We have other programs such as a running club that meets at 7:15 a.m. Monday through Thursday. In addition to encouraging physical fitness, this club is designed to provide social support, build teamwork, reduce stress and trauma, and help the brain become ready for learning.

We don’t judge or blame students — or their families — when they show up hungry because there’s no food at home, or tired because they don’t have a bed to sleep in, or wearing dirty clothes. Instead, we provide solutions wherever we can. For example, we keep a washer and dryer in a storage room and use it throughout the day. We have a collection of clothing donations so students have something to wear while their clothes are being washed. Most importantly, we treat our students like they’re our own children.

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When students enter our school, one-third are one or more grade levels below in math and reading. I believe that preschool is the number-one intervention we can offer to prevent issues for children in poverty. Once students enter kindergarten, we provide an array of programs to close gaps and support their academic development and growth.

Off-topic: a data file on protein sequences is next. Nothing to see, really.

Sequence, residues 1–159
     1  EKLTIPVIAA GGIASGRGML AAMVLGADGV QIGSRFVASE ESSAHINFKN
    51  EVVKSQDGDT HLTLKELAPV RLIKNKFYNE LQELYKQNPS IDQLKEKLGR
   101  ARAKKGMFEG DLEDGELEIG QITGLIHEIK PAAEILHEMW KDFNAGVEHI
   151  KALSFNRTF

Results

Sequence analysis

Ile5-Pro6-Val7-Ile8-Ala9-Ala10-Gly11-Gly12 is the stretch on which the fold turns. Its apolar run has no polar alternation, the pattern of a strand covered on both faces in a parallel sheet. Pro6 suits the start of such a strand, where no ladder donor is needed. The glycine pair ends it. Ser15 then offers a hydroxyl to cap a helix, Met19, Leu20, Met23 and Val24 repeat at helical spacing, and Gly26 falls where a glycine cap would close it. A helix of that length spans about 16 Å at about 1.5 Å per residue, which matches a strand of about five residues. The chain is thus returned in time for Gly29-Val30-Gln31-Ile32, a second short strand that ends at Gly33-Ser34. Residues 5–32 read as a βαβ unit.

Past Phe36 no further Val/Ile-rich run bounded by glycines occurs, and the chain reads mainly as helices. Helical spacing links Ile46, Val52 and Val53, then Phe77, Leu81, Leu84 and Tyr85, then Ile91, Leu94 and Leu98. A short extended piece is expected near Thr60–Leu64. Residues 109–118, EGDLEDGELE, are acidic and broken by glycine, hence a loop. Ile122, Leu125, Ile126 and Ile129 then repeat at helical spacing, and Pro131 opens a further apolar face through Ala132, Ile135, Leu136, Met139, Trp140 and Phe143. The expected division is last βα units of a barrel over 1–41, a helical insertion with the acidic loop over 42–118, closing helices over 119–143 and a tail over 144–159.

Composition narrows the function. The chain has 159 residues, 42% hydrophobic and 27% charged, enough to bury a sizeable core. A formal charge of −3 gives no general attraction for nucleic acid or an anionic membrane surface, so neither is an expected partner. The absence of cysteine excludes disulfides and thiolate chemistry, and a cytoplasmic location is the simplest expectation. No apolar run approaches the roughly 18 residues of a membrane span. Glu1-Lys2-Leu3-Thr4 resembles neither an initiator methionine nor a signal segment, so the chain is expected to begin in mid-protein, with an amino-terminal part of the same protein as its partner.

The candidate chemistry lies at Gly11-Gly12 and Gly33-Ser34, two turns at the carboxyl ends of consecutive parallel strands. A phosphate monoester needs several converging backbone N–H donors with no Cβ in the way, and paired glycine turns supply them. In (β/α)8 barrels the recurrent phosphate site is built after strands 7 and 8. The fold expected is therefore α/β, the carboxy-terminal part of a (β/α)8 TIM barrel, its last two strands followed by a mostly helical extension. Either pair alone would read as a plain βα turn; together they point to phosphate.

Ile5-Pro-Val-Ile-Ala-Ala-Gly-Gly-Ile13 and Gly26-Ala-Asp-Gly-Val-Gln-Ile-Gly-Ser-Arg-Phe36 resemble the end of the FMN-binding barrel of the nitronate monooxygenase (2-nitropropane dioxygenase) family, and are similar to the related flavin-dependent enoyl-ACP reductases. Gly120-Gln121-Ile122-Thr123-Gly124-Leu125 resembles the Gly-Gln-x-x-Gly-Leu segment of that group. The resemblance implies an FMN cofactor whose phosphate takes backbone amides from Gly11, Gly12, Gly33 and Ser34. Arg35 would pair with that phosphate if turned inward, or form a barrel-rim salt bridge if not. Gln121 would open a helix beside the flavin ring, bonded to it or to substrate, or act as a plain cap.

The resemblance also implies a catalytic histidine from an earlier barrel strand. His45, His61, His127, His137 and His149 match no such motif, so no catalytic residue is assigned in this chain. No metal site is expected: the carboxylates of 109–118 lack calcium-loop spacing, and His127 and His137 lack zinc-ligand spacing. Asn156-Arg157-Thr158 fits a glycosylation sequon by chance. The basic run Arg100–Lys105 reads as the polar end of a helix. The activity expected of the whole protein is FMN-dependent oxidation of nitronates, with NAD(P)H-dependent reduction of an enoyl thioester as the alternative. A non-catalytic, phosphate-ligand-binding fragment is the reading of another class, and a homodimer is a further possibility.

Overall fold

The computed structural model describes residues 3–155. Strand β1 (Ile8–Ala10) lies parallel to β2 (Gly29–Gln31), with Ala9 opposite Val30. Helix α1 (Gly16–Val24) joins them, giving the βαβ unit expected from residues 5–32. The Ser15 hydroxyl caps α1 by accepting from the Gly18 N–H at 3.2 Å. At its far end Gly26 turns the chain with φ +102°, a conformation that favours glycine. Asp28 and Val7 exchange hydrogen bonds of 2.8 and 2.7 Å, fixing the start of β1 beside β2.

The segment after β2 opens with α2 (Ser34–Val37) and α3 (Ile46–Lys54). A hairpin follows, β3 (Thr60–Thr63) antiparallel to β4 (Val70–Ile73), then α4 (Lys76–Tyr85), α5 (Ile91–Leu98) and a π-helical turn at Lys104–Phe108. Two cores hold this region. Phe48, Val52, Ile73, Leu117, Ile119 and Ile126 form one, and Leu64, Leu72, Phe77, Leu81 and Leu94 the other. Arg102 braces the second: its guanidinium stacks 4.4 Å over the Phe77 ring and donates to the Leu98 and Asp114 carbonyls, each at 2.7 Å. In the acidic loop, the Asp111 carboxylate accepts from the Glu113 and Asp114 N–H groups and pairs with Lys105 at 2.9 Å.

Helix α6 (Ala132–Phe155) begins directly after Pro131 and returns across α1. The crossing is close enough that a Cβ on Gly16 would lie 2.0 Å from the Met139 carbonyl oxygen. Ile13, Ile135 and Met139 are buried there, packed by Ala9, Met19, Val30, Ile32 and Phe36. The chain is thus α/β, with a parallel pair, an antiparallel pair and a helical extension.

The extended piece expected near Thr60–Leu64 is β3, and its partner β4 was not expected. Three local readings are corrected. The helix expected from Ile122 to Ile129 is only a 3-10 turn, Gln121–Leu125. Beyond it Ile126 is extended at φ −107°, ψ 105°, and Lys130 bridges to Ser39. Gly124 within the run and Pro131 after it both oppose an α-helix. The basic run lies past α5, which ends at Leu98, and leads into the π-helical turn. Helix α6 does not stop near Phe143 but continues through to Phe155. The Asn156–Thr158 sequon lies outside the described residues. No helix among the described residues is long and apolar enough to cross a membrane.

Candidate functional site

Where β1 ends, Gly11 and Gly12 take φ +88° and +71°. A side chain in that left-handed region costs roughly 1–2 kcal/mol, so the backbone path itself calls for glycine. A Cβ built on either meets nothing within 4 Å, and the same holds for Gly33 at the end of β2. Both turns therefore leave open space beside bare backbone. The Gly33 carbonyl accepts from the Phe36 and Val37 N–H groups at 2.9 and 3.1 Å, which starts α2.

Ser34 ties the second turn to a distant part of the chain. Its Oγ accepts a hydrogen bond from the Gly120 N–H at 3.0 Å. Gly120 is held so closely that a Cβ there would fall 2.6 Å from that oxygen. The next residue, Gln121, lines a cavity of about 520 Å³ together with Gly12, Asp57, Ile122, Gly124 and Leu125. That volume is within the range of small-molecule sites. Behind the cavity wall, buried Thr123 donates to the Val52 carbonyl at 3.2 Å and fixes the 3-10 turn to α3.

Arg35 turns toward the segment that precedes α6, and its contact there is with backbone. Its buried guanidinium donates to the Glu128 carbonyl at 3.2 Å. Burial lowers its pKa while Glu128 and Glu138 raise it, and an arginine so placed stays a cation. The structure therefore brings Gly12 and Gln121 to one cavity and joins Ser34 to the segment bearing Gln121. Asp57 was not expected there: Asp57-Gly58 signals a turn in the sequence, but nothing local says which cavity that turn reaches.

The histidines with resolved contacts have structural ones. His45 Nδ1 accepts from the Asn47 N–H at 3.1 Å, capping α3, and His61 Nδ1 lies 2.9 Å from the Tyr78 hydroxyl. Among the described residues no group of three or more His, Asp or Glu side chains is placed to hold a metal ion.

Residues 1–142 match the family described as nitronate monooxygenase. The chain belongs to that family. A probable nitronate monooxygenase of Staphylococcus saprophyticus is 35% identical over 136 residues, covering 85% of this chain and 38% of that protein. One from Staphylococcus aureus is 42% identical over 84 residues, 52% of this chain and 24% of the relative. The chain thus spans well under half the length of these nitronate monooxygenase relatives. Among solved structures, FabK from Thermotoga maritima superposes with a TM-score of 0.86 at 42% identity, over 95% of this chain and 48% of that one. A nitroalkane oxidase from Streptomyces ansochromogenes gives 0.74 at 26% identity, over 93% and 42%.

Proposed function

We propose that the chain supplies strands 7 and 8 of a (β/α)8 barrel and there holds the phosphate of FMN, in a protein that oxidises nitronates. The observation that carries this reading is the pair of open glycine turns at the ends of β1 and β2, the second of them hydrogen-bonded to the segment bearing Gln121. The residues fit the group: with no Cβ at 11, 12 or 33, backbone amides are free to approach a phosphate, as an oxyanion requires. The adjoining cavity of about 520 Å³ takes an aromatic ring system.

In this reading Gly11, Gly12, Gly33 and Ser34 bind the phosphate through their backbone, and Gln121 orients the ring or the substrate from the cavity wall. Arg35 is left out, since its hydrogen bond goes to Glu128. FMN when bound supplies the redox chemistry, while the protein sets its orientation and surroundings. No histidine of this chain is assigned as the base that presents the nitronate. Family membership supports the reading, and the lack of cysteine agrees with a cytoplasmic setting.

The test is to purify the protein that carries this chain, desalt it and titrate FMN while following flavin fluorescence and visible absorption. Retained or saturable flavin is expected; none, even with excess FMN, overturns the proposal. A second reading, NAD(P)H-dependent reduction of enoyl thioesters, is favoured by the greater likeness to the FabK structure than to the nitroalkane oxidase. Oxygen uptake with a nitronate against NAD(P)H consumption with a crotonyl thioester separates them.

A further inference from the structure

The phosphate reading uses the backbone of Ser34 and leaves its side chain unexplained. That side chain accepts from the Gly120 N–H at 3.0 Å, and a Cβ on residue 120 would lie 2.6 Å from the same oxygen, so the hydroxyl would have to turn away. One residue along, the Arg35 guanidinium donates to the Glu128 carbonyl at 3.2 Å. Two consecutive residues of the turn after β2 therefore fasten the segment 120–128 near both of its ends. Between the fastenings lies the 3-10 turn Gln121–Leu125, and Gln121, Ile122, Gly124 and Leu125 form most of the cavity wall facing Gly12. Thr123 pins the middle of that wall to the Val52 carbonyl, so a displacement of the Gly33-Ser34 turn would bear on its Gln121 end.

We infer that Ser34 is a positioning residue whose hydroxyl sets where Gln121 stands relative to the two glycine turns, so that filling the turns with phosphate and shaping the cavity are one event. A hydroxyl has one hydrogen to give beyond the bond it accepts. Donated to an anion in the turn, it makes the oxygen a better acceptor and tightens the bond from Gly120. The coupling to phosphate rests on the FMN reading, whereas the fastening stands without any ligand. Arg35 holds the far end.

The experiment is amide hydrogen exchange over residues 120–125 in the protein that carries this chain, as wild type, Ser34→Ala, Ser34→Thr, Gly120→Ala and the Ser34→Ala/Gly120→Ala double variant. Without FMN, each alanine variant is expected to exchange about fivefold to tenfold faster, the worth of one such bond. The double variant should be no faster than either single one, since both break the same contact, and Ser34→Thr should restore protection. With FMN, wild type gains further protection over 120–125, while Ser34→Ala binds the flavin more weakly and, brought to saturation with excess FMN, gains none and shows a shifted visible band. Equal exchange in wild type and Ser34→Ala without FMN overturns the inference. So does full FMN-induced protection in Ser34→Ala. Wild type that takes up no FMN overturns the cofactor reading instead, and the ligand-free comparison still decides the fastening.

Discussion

One such program is an online language and reading intervention called Fast ForWord. What’s different about this program is that it sets the stage for children’s brains to absorb everything that comes their way. It starts with cognitive skills like memory, attention and processing speed, and works from the bottom up using the principles of neuroplasticity to address the root cause of their difficulties. We target this intervention to students at Tiers 2 and 3 of our Response to Intervention program. After participating in this program, students can better focus and pay attention, so they can be more successful with whatever instruction or interventions they receive. Without that focus and attention, you lose them before you even begin an intervention.

We also offer a comprehensive After School program daily from 3 to 5:30 p.m. where students can read, work on homework and participate in intervention or enrichment activities. This, too, is a crucial resource for children living in poverty.